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Mg-Cu-Zn Ferrites for Multilayer Inductors
Keywords: multilayer inductors, ferrite,
Sinter active soft ferrite materials with adequate permeability profiles are commonly used for multilayer ferrite inductors (MLFI). A sintering temperature of T<950C is required for LTCC compatibility. For MLFI applications in the intermediate frequency range (i.e. 1-100 MHz) Ni-Cu-Zn ferrites are so far the most prominent materials. However, there are unresolved issues that trigger the search for substitute or improved MLFI materials. Problems include the omnipresent desire for sinter active high permeability materials, better compatibility between ferrite and silver coil material and, finally, the substitution of hazardous nickel oxide raw materials. Mg-Cu-Zn ferrites may represent an alternative and their potential for multilayer applications is evaluated. The composition strongly effects the shrinkage and sintering behavior; ferrites with less than 50 mol% Fe2O3 reveal enhanced densification behavior. Magnetic properties as saturation magnetization and Curie temperature also have to be optimized by proper selection of composition. Ferrite powder morphology is a key issue for the fabrication of multi-layer devices. The effect of powder particle size on the sintering behavior of powder compacts was investigated. Sub-micron powders prepared by fine milling show enhanced sintering activity and a high density after sintering at 900C. Nano-size ferrite powders prepared by co-precipitation or flame synthesis lead to high density; maximum shrinkage already occurs at T < 800C. The use of Bi2O3 as sintering additive further improves the densification, but also effects the microstructure and, hence, the permeability. Maximum permeability is in the order of i = 600-700. The relations between powder particle size, sinter additive concentration, microstructure and permeability are discussed in the context of MgCuZn ferrite multilayer inductor fabrication.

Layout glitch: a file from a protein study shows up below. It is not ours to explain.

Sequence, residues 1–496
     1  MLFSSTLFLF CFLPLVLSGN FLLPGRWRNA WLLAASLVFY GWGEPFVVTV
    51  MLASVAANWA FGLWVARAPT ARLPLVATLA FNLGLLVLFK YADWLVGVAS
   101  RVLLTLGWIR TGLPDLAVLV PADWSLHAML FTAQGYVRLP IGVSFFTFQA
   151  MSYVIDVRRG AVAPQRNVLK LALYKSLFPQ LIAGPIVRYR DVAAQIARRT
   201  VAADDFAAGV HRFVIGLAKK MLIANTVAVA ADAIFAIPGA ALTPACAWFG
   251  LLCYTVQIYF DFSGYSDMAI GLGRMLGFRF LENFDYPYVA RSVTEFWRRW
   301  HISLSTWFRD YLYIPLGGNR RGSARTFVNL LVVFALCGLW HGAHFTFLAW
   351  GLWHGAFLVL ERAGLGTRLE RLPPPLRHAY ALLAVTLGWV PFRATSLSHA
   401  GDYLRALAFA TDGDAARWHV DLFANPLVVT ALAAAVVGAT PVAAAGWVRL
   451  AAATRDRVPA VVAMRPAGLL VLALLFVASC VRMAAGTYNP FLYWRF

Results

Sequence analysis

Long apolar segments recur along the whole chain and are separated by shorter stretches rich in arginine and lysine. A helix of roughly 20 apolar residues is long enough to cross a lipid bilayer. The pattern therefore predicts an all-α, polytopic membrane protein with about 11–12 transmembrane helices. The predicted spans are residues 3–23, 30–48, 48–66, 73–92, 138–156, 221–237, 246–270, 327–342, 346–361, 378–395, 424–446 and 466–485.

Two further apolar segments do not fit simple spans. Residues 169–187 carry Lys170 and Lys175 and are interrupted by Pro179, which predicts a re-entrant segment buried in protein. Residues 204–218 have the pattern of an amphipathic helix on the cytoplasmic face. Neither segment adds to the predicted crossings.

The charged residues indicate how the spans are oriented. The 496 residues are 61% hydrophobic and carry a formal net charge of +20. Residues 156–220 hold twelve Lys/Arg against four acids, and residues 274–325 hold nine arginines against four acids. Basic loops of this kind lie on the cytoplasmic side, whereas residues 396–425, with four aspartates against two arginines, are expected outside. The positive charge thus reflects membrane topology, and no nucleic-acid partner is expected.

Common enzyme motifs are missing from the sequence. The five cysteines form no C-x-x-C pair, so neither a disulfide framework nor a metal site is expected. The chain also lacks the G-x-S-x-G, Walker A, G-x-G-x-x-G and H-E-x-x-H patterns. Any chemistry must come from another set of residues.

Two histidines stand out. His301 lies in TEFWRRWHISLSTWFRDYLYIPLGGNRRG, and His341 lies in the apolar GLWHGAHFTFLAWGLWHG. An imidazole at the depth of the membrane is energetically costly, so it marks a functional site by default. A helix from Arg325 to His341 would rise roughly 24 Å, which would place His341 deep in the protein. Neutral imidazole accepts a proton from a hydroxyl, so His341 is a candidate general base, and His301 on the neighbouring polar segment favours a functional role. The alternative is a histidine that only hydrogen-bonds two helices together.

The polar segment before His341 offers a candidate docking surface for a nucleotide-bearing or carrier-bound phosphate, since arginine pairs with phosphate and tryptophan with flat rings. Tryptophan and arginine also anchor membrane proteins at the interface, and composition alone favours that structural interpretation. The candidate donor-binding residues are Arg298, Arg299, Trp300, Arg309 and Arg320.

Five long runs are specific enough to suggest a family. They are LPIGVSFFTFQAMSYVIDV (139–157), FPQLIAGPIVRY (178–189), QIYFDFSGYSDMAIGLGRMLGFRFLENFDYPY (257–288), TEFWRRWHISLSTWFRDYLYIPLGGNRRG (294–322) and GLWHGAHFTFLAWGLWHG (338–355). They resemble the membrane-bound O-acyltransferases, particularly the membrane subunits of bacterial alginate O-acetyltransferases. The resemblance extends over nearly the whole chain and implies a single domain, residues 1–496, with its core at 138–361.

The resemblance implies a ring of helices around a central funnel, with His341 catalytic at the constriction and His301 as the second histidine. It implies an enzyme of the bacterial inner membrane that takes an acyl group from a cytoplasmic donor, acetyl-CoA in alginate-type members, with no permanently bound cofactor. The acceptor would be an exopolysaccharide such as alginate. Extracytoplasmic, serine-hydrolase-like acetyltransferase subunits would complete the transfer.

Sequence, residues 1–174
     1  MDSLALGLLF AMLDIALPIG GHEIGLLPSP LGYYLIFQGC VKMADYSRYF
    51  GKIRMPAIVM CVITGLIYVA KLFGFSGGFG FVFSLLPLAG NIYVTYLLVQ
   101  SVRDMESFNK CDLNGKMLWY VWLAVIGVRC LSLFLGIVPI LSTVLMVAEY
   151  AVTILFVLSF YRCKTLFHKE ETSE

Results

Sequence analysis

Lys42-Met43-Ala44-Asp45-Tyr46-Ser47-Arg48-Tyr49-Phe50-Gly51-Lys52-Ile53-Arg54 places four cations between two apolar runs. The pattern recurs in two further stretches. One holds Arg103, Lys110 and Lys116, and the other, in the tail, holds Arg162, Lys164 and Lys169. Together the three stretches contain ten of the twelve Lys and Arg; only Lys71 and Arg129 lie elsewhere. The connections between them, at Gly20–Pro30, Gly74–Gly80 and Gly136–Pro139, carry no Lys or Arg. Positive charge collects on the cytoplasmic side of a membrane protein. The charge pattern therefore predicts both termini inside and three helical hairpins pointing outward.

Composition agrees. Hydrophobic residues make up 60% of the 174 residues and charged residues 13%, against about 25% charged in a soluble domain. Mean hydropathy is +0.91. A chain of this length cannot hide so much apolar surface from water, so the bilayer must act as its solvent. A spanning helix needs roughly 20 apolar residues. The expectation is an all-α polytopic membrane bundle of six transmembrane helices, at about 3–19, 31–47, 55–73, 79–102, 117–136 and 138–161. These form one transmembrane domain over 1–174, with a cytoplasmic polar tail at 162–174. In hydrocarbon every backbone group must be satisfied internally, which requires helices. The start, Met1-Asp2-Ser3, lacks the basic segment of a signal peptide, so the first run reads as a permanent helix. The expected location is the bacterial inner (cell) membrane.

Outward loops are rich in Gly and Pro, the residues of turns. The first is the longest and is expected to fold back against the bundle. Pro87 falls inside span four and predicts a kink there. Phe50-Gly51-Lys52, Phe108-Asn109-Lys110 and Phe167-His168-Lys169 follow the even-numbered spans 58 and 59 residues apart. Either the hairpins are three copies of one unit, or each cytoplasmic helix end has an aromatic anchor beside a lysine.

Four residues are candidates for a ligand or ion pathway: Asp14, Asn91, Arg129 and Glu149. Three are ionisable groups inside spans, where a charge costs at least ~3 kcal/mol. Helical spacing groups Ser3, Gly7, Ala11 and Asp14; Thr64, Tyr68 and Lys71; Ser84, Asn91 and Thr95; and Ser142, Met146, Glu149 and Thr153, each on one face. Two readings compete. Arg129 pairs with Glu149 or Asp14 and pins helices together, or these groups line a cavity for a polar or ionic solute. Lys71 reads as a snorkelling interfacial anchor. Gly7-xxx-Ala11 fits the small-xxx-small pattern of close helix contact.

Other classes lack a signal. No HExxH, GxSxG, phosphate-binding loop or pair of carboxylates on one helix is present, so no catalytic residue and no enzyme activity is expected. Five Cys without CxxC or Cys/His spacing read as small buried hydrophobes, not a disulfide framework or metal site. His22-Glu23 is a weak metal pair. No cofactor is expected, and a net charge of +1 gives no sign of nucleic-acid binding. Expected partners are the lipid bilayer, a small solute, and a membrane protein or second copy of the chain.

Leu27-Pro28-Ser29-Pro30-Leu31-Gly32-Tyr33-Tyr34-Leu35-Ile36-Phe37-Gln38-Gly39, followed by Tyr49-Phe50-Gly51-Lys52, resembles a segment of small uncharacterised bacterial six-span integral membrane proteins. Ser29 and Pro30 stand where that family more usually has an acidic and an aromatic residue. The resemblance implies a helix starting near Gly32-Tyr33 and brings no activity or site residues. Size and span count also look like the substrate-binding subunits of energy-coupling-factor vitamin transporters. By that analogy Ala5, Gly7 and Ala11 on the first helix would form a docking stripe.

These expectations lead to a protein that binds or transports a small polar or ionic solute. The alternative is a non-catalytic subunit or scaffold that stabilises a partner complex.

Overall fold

Jorg Tpfer, Prof.
University of Applied Science Jena
Jena, Thringia 07745,
Germany


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